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Archive for June, 2010

Posted by Peace Action West on June 24th, 2010

From our partners at Peace Action West

By all appearances, Obama’s move to replace McChrystal with Petraeus is a doubling down on the current strategy in Afghanistan. In his statement announcing the change, the president sought to make that clear, saying “This is a change in personnel, but it is not a change in policy.”

Well, here’s a news flash: All the junior-high smack talk and towel snapping in Michael Hastings runaway Rolling Stone feature is window dressing to a powerful case for why we should chuck the whole war, not just the General.

For one, the story about respect for civilian authority here doesn’t just apply to McChrystal’s attitude towards the President. Hastings documents how the military has taken over traditionally civilian roles in the war, mucking it up in the process and leaving the US diplomatic and civilian apparatus starved of stature and resources. The drama and personality conflicts between the military jarheads and diplomatic nerds is no doubt entertaining, but I think it’s worth highlighting that a great big

Part of the problem is structural: The Defense Department budget exceeds $600 billion a year, while the State Department receives only $50 billion.

In addition, there’s a leadership vacuum on diplomatic matters has allowed the military to call the shots.

While McChrystal and his men are in indisputable command of all military aspects of the war, there is no equivalent position on the diplomatic or political side. Instead, an assortment of administration players compete over the Afghan portfolio: U.S. Ambassador Karl Eikenberry, Special Representative to Afghanistan Richard Holbrooke, National Security Advisor Jim Jones and Secretary of State Hillary Clinton, not to mention 40 or so other coalition ambassadors and a host of talking heads who try to insert themselves into the mess, from John Kerry to John McCain. This diplomatic incoherence has effectively allowed McChrystal’s team to call the shots and hampered efforts to build a stable and credible government in Afghanistan. “It jeopardizes the mission,” says Stephen Biddle, a senior fellow at the Council on Foreign Relations who supports McChrystal. “The military cannot by itself create governance reform.”

It’s also interesting to note that McChrystal was at least partly able to create that vacuum with a move to lock out Karl Eikenberry, the former military commander in Afghanistan and the US Ambassador who famously expressed deep reservations on the McChrystal’s counterinsurgency (COIN) strategy.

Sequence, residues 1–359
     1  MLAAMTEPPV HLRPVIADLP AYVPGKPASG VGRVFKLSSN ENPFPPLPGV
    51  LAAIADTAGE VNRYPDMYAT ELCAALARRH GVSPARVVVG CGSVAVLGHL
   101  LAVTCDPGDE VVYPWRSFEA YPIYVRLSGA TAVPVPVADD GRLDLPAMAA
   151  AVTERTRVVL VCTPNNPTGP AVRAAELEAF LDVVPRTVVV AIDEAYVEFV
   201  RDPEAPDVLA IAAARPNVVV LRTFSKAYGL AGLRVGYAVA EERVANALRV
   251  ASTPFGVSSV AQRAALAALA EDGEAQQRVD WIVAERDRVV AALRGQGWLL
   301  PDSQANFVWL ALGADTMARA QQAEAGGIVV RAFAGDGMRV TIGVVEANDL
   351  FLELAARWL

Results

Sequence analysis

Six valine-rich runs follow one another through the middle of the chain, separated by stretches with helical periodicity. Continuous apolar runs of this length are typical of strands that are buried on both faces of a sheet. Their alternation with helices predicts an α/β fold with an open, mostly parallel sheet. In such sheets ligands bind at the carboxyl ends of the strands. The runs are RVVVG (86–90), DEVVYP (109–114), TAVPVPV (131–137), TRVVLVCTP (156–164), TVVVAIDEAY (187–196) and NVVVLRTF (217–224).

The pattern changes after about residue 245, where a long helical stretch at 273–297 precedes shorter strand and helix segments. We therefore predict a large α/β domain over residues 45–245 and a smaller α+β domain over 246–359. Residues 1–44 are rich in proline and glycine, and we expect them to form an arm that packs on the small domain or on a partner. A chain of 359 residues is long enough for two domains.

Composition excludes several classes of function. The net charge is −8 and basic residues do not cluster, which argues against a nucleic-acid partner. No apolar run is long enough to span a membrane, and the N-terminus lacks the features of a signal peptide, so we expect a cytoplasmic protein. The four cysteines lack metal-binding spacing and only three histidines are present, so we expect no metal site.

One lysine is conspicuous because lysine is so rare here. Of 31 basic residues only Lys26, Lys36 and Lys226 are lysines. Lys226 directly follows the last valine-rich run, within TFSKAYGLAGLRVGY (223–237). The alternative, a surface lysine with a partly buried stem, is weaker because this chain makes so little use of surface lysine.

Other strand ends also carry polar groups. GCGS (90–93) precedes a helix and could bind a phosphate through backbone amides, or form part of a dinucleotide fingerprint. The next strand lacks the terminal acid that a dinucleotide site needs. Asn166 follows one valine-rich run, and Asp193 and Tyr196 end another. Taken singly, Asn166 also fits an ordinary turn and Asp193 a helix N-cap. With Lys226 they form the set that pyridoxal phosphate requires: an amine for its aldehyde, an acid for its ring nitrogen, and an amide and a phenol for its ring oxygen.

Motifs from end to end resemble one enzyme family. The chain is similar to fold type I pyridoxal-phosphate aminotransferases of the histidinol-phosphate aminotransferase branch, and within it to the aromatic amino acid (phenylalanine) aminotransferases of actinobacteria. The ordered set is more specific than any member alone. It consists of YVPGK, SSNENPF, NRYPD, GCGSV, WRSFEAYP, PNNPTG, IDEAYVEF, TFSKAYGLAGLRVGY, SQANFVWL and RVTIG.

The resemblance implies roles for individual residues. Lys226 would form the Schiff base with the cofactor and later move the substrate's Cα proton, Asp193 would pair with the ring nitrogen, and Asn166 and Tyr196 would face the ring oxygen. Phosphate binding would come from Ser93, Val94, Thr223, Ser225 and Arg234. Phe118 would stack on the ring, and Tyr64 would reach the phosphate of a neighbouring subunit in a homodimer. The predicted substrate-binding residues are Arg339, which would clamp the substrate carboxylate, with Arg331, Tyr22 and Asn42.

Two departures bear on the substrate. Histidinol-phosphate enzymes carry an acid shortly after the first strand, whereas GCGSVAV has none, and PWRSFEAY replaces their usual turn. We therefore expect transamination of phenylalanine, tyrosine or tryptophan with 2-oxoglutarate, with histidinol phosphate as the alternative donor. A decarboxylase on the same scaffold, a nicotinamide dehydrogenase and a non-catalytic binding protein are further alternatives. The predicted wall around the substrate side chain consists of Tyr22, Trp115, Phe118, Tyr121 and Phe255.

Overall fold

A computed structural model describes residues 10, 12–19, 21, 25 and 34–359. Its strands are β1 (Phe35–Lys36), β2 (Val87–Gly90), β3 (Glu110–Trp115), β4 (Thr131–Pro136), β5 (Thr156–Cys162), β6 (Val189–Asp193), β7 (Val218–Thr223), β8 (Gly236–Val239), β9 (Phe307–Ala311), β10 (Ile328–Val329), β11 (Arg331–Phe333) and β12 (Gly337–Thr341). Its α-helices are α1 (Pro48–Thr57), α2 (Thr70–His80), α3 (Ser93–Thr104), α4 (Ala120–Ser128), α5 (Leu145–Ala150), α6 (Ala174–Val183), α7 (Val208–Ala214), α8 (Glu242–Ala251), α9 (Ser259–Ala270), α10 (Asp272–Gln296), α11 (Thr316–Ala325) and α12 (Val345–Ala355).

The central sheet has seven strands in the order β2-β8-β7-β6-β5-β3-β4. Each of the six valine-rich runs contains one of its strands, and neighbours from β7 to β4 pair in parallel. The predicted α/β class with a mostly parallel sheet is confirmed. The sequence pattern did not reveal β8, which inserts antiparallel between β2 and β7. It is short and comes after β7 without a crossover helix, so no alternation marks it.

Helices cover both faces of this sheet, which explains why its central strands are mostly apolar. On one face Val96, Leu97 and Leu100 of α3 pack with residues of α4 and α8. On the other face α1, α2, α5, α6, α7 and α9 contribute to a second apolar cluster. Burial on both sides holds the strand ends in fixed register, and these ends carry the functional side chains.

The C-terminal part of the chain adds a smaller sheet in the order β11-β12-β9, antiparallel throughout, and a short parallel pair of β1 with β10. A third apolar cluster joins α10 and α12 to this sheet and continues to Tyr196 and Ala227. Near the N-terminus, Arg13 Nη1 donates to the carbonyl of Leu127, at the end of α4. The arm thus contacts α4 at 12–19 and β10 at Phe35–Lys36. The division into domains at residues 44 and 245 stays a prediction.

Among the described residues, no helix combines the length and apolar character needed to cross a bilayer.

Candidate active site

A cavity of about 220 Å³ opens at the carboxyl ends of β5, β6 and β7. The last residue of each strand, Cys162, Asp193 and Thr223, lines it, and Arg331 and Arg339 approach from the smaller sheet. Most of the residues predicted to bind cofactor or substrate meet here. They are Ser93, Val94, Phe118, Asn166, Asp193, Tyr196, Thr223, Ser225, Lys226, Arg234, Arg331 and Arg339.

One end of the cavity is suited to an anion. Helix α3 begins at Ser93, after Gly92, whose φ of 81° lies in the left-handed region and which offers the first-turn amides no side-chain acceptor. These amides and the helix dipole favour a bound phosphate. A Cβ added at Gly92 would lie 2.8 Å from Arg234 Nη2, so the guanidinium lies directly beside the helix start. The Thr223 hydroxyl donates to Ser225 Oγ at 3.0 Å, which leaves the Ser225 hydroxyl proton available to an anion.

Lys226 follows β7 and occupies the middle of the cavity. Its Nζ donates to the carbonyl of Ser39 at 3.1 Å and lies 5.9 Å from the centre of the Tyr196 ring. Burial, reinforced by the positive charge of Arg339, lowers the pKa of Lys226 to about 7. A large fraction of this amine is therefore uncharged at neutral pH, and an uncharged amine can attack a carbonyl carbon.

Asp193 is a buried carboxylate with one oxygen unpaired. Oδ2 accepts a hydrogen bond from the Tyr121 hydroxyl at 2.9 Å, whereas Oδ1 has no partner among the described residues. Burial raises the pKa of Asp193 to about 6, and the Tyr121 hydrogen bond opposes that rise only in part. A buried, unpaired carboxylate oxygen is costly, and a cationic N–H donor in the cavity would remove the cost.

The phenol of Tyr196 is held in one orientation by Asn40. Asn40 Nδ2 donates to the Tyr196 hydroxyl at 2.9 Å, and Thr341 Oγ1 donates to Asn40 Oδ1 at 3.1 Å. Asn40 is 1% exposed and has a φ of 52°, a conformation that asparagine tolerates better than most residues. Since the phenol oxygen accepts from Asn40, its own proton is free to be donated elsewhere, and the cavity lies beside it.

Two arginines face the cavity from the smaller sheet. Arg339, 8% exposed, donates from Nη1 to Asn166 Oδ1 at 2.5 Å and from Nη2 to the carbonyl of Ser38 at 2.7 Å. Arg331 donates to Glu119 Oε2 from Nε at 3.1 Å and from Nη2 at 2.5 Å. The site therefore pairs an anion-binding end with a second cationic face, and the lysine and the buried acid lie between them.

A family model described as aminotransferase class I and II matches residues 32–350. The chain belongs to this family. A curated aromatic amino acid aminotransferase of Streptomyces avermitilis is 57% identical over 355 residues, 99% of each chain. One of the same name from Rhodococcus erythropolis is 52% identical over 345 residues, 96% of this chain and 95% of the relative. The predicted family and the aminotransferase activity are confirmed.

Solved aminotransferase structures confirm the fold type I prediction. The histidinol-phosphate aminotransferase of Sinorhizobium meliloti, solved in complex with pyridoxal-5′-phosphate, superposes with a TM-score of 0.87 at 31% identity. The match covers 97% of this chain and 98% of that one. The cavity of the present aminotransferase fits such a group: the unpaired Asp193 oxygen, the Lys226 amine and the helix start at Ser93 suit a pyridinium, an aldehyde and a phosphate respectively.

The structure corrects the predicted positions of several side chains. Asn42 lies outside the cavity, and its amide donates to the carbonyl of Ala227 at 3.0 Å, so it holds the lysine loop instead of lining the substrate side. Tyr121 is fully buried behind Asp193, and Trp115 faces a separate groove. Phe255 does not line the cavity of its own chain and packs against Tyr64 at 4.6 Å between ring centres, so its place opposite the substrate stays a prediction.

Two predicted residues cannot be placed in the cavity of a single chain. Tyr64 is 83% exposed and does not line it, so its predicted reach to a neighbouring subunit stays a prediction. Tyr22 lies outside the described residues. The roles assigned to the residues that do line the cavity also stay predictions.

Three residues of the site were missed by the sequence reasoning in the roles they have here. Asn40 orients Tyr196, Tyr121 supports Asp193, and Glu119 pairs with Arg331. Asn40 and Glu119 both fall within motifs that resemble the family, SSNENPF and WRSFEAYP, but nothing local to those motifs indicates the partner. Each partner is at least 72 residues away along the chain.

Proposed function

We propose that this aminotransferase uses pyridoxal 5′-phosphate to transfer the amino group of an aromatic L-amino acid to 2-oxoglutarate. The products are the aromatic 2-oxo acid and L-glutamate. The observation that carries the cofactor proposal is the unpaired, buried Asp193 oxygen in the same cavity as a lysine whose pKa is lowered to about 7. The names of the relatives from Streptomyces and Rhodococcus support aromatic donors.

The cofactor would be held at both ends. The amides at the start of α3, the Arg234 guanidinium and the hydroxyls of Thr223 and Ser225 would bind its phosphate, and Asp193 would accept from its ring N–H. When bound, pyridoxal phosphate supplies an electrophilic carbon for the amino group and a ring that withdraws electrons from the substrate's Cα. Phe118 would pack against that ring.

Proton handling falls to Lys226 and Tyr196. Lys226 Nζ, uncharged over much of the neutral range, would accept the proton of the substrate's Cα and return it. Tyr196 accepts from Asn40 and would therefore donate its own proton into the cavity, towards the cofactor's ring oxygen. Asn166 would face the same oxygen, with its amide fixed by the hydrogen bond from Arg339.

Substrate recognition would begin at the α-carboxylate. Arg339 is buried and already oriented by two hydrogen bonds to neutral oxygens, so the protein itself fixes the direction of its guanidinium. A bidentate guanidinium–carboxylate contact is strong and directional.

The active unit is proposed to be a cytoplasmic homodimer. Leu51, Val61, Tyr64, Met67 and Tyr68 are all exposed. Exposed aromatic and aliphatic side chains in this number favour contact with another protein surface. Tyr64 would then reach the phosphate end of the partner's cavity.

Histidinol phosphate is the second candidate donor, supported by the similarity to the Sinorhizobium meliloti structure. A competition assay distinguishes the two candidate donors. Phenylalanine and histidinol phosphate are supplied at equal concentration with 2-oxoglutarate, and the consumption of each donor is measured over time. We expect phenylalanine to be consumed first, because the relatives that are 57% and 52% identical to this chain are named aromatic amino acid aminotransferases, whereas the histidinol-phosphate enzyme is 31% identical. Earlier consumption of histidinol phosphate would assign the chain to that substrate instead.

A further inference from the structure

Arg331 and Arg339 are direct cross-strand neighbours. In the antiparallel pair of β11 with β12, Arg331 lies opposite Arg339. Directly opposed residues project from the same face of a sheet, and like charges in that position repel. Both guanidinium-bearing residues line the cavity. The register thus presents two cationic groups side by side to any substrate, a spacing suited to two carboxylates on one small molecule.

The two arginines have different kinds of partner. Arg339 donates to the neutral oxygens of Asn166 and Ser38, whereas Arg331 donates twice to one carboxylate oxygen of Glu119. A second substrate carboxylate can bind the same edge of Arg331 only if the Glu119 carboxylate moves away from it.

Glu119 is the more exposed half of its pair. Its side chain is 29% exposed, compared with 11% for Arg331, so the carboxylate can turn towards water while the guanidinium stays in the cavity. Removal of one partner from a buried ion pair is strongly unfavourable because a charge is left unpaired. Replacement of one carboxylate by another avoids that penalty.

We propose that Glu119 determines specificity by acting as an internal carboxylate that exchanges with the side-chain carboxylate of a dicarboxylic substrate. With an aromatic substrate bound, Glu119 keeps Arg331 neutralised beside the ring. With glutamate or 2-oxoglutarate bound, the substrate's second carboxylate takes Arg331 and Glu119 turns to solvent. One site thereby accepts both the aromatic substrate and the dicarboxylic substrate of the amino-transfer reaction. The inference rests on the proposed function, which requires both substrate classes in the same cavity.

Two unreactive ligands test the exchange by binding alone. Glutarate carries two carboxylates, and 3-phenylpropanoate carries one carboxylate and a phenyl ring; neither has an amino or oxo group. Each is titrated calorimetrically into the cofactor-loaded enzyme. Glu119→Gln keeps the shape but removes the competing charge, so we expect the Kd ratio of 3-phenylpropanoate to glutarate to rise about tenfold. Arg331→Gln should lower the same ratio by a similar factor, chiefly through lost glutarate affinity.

By far the most crucial – and strained – relationship is between McChrystal and Eikenberry, the U.S. ambassador. According to those close to the two men, Eikenberry – a retired three-star general who served in Afghanistan in 2002 and 2005 – can’t stand that his former subordinate is now calling the shots. He’s also furious that McChrystal, backed by NATO’s allies, refused to put Eikenberry in the pivotal role of viceroy in Afghanistan, which would have made him the diplomatic equivalent of the general. The job instead went to British Ambassador Mark Sedwill – a move that effectively increased McChrystal’s influence over diplomacy by shutting out a powerful rival. “In reality, that position needs to be filled by an American for it to have weight,” says a U.S. official familiar with the negotiations.

All this power has meant that McChrystal has been able to turn Afghanistan into a proving ground for COIN, a style of warfare that, as Hastings puts it, “essentially rebrands the military, expanding its authority (and its funding) to encompass the diplomatic and political sides of warfare: Think the Green Berets as an armed Peace Corps.”

COIN calls for sending huge numbers of ground troops to not only destroy the enemy, but to live among the civilian population and slowly rebuild, or build from scratch, another nation’s government – a process that even its staunchest advocates admit requires years, if not decades, to achieve.

The problem is, this glove does not fit. Soldiers are trained to fight. They may be highly intelligent with the best intentions, but they aren’t diplomats, they aren’t aid workers, they aren’t skilled in managing development projects. As the pace of civilian deaths has accelerated, Afghans certainly haven’t taken to seeing the US presence as a trusted ally, or as McChrystal posed, as a guest.

In fact, by building up his BFF status with Hamid Karzai, McChrystal has likely helped telegraph the impression of Karzai as a puppet of the government and undermined the leader’s credibility. Of course that’s not what McChrystal intended, as he “accompanied the president on more than 10 trips around the country, standing beside him at political meetings, or shuras, in Kandahar.”